Gone Racin' to Irwindale Speedway, Irwindale, CA.
Irwindale Speedway hosted Winston West twin 50-lap races on Memorial Day with a full house present at its track in Irwindale, California. This facility has everything going for it. Parking is close and convenient and the track is located right off the 605 freeway between the 10 and 210 freeways. It never takes long to get into the facility or to leave it. The fans are the first thing that one notices on entering. They arrive early and they stay until the last race. It is a family affair and is represented by all ages and gender, which makes it a great event to advertise if you are a sponsor. Located next to the stands is a band that plays music that appeals to everyone. There is an area set aside for vintage display cars. These cars will make a lap around the track in front of the fans just before the races begin. Irwindale invites car clubs to bring and display their vehicles and gives the drivers free entrance to the races. The facility is relatively new with all aluminum stands and easy access to the seats. There isn't a bad seat in the house to view the 1/2 and 1/3 mile races. The track faces the South, and catches the soft cooling winds and sun, so that by the time the evening action starts, it is a pleasant place to watch the races.
The pit area is well ordered and always humming with activity, and the tech stations are manned with efficient and able staff. Irwindale has a long line of food stands staffed by dozens of servers, which keeps lines to a minimum. There is a souvenir stand that sells T-shirts, caps and all manner of collectibles. In, around and under the stands are booths that give out information about other racing programs, including two that were very popular with the kids. Quarter Scale Motorsports races radio controlled miniature cars at Rialto Airport Speedway. They are 3-foot long and not your normal RC's. They race in a league that travels all around the country. AMA Speedway Motorcycle Racing at the Industry Hills Expo Center was the other booth attracting lots of attention. They race every Wednesday night from April to September. Bruce Flanders, the Speedway's announcer called the fan's attention to the autograph session down on the starting line about an hour before the first race. Lined up in neat rows were innumerable cars, with their drivers and crews waiting for the autograph seekers. Soon the starting line was awash with fans talking to their favorite drivers and collecting signatures for their collections.
Jim Williams is the owner of Irwindale Speedway and he sets the tone for the personnel at the track. Bob DeFazio is the track manager and Doug Stokes is the PR guy in charge of promoting the facility. These men, and the staff of Irwindale Speedway go out of their way to make the fans feel welcome. But they do that and more for the young racers who compete at the track. They take a liking to the young men and women who are driving at Irwindale. "There goes Audra," Stokes would say, "she's beating the guys tonight." Rod Johnson was the winner in the first Lucas Oil Super Late Models Series Twin 50 lap race, and Andrew Phipps won the second 50-lapper. There were no heats, positions having been determined by lap speeds in practice. All races were main events. Russell White finished both races in second place, yet was only a fraction of a second behind the two winners on this Memorial Weekend race.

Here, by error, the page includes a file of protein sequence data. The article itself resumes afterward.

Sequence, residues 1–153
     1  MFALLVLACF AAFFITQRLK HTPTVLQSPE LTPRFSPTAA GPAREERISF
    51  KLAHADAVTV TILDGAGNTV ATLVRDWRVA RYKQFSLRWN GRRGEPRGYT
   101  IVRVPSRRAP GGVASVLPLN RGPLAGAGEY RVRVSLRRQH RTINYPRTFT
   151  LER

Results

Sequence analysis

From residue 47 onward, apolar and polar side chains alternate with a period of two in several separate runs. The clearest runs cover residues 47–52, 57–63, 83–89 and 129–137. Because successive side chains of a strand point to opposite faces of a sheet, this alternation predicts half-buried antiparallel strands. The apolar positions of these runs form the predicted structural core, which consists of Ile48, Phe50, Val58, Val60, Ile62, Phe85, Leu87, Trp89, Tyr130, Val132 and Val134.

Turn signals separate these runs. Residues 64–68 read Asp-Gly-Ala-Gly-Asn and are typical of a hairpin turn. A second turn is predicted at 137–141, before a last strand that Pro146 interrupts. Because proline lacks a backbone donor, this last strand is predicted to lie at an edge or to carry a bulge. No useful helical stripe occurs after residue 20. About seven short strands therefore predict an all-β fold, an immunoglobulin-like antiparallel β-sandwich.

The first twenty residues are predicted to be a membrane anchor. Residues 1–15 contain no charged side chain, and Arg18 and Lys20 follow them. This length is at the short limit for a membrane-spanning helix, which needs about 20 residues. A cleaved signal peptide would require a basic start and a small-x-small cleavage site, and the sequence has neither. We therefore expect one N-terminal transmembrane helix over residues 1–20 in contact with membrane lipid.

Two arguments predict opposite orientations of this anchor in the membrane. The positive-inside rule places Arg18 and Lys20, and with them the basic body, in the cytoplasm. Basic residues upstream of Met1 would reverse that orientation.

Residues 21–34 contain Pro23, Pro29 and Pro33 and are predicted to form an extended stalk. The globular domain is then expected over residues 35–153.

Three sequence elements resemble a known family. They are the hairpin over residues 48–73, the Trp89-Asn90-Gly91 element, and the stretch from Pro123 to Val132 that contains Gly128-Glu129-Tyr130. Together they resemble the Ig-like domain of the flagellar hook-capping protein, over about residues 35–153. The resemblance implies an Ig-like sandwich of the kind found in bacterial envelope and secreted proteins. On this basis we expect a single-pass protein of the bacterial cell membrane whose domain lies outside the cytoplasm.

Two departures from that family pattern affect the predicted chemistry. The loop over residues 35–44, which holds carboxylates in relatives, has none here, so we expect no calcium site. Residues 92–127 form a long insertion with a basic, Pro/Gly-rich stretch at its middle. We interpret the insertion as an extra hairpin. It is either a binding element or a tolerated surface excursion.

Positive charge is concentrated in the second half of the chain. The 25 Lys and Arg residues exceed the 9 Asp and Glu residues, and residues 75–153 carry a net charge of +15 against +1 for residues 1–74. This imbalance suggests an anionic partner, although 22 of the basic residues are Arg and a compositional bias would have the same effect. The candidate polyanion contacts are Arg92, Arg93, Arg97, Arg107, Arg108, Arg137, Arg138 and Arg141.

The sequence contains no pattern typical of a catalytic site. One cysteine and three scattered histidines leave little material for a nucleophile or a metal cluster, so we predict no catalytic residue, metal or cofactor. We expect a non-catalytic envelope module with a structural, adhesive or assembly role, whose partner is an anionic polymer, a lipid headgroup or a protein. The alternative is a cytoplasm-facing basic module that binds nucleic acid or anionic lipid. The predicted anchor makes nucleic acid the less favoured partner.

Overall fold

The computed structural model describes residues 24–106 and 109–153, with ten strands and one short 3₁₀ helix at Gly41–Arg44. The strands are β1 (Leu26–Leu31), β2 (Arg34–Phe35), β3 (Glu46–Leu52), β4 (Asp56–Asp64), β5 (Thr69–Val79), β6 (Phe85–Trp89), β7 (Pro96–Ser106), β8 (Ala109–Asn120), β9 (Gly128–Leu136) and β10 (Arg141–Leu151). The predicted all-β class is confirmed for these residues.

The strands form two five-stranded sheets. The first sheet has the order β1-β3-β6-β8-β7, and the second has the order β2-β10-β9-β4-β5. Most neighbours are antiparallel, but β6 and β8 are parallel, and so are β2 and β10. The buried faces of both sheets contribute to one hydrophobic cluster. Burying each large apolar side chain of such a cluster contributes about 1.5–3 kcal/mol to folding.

Stokes introduced Lloyd Anthony Mack, first time winner at Irwindale in the Grand American Modified Series. Lloyd has impeccable credentials, having started his racing career in Go-Karts, winning 5 California State Championships and was also a 3 time Nationals Champion. Lloyd says that he honed his killer instincts in Go-Karting before going on to Stock car racing at 16, then West Coast Pro Truck Series at 17, and finally racing in Super Late Models, ASA Speed Truck Challenge, and the Grand American Series in 2002. The next year he raced in the IRL Infinity Pro Series with the Sam Schmidt Motorsports Team. He took a year off in order to earn his college degree in Business Management, and is now back into racing full time. The goal of this tough minded and super polite racer is to make it big in the Nextel Cup Series. His talent also came from having some excellent racing genes in his family. His great uncle was the late Tim Woods, who was a partner in the Stone, Woods and Cook Gas Altered drag car. His cousin, Tim Woods III, is racing in the Grand National West, sometimes referred to as the Winston West Series. These are the same cars as the Nextel Cup stock cars, only the West Coast stock cars have a different carburation system that decreases the horsepower by about 200hp. "Go-Karting made me what I am today," he said, but a supportive family and racing fraternity will help this very talented young man succeed in a very competitive environment.
The press box was filled with reporters. Steven Herbert came from the L.A. Times, Norm Bogan was there to report on the open wheel cars, Tim Kennedy and Jim Short, among many others brought a perspective honed by 50 years in the racing business. Bruce Flanders announced the race and brought a knowledge of circle track racing which made the program fun and interesting for the fans. Flanders is also known for his motorcycle racing and announcing and is one very nice guy. The price is right, the place is outstanding, and the people who run the show know what they are doing. You can find a great race every Saturday night, from March through November. No one should miss their famous J.C. Agajanian Turkey Night Midget race in November, where the best and brightest from the East Coast to the West Coast vie for honors in a race dating back to the '30's. For those interested in 1/8 mile dragracing, Irwindale offers races on Thursday nights and every Sunday.
Gone Racin' can be found at www.oilstick.com